ARCHIVED: Project: Open Science Grid Operations

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Primary UITS contact: Rob Quick

Last update: July 3, 2017

Description: The Open Science Grid Consortium is a nationwide facility and infrastructure enabling large-scale high-throughput computing for science. Based at Indiana University, the Grid Operations Center (GOC) provides a single point of operational support for the Open Science Grid (OSG). The GOC performs real-time grid monitoring and problem tracking; provides support to users, developers, and system administrators; maintains grid services; provides security incident response; and maintains information repositories. The Large Hadron Collider (LHC) began data acquisition in late 2009, offering the opportunity for the GOC to support a high-profile physics community during its ramp-up and while data is flowing.

Outcome: The OSG provides a national research computing infrastructure. As the OSG Operations Center, IU places itself in the center of this expanding national project by improving the access to the OSG and lowering the barrier to its use. It also allows research into the support structures necessary for large grid computing collaborations.

Milestones and status:

  • Originally funded September 1, 2008 to May 31, 2012
  • Newly awarded grant extends this from June 1, 2012 to May 31, 2018

Upcoming events and presentations:

  • OSG The Next Five Years proposal to continue OSG and OSG Grid Operations Center through May 31, 2018 has been awarded.

New projects at IU:

  • MyOSG software launched to provide web-based status, history, and resources summaries to aid scientists in launching and tracking OSG computational jobs via the MyOSG portal.

Comment process:

  • Send comments about OSG operations and management questions to Rob Quick.

Benefits: The goal of the Open Science Grid is to make collaborative scientific research more effective and widespread, stimulate new and transformational approaches to computationally based scientific discovery, and build intellectual capital for future scientific research relying on distributed cyberinfrastructures. The scope of the OSG is to operate, maintain, and evolve an effective, secure high-throughput computational infrastructure and engage existing and new communities to benefit from its use. This heterogeneous, national facility is defined as the set of operational services, software, and processes enabling the contributed resources to act as a coherent distributed system in support of the users.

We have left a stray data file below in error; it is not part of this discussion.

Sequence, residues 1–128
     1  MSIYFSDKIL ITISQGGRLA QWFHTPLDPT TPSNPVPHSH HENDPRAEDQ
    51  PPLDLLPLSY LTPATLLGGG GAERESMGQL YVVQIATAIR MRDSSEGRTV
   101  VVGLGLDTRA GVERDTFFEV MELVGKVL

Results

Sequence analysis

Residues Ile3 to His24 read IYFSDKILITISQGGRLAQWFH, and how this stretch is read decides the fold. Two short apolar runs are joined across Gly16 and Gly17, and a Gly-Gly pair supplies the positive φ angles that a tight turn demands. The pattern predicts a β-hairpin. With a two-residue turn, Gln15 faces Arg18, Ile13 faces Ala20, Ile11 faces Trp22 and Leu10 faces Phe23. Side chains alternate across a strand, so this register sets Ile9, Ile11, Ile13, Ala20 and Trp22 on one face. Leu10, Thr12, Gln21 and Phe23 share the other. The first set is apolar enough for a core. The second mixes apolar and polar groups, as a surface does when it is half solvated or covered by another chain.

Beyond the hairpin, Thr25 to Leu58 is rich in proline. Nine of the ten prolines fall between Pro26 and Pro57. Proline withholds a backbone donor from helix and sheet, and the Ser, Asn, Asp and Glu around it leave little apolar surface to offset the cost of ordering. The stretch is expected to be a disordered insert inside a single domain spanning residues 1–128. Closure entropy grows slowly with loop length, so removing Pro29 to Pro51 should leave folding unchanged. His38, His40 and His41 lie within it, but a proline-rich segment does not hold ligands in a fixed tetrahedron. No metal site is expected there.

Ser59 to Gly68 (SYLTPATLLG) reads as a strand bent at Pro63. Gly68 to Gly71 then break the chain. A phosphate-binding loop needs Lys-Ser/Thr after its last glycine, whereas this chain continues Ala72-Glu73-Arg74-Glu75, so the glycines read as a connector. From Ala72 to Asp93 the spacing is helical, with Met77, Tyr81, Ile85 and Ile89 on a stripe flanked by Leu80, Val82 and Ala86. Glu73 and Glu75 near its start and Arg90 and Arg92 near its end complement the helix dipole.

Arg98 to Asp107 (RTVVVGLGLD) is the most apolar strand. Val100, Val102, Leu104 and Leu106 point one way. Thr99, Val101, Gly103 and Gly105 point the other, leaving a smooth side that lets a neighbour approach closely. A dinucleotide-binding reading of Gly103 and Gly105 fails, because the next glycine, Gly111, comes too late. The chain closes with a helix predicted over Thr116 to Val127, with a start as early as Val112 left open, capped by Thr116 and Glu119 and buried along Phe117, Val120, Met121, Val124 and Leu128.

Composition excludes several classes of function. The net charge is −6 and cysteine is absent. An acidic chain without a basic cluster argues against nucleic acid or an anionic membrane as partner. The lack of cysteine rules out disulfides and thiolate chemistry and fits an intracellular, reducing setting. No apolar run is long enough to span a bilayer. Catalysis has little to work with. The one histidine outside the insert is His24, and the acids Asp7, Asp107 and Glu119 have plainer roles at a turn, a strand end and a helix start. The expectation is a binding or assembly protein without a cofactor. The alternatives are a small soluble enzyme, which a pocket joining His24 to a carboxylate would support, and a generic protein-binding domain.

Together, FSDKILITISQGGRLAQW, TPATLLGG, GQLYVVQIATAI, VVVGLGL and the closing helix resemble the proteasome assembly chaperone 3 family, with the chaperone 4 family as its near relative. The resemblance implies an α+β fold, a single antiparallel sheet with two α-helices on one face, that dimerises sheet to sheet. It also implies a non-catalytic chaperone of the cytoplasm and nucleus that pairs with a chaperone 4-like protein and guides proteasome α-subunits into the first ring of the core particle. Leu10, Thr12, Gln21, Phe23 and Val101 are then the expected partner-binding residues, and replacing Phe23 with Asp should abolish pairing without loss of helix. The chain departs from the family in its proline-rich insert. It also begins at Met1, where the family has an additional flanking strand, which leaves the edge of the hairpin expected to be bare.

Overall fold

Client impact: The support services and software tools the OSG GOC provides are the operational glue for the OSG in the United States. Any scientist who wants to use the OSG depends on the GOC to maintain a reliable, secure, easy-to-use environment for undertaking computationally intensive tasks related to the Atlas, CMS, and other physics research related to the Large Hadron Collider, but also in support of other scientific virtual organizations that use the OSG as their computational grid.

Aids achievement of the following Empowering People actions:

  • Recommendation A1
    • Action 4: Cyberinfrastructure. IU should continue to advance its local cyberinfrastructure, its participation in national cyberinfrastructure, and its efforts to win federal funding of cyberinfrastructure programs that enhance IU's research capabilities. (RT leads)
  • Recommendation A4
    • Action 16: External funding. OVPIT should continue to lead and expand its efforts to effectively partner with academic units, campuses, administrative units, or individual investigators for external funding opportunities. (PTI leads; RT supporting)
  • Recommendation C15
    • Action 70: IT-enabled research. IU should purposefully select areas of great and timely promise for strategic development of IT-enabled research, scholarship, and/or creative activity. (PTI leads)
    • Action 71: IT-enabled research resources. IU should identify a base of resources to provide both initial and sustained investments in selected areas for IT-enabled research, scholarship, and/or creative activity. This may include reallocating current resources and developing new ones, including endowments, grants, and/or additional fees. (RT leads)

Project team:

  • Elizabeth Prout
  • Kyle Gross
  • Tom Lee
  • Vince Neal
  • Rob Quick
  • Scott Teige
  • Marina Krenz
  • Sarah Schmiechen
  • Craig Stewart
  • Sarah Engel

Partner sites:

  • Indiana University
  • European Organization for Nuclear Research (CERN)
  • Fermi National Accelerator Lab
  • University of Wisconsin
  • University of Chicago
  • Brookhaven National Lab
  • University of Nebraska
  • Lawrence Berkeley National Lab

Governance: Craig Stewart, Associate Dean for Research Technologies, serves as the OSG Council Representative, while Rob Quick oversees the activities of the project at IU. The Grid Operations Center is overseen by the OSG program, Executive Director Frank Wuerthwein (UCSD), and Technical Director Miron Livny (Wisconsin-Madison).

Additional information

  • PI: Rob Quick
  • Funding agency and grant number: University of Wisconsin 647F231 (NSF) and 1148698 (NSF)
  • Funding to UITS: $2,867,000 Initial OSG Grant and $5,552,000 for OSG The Next Five Years
  • Total funding to IU related to this project: $8,419,000 over 12+ years

This is document avnx in the Knowledge Base.
Last modified on 2018-01-18 15:49:30.

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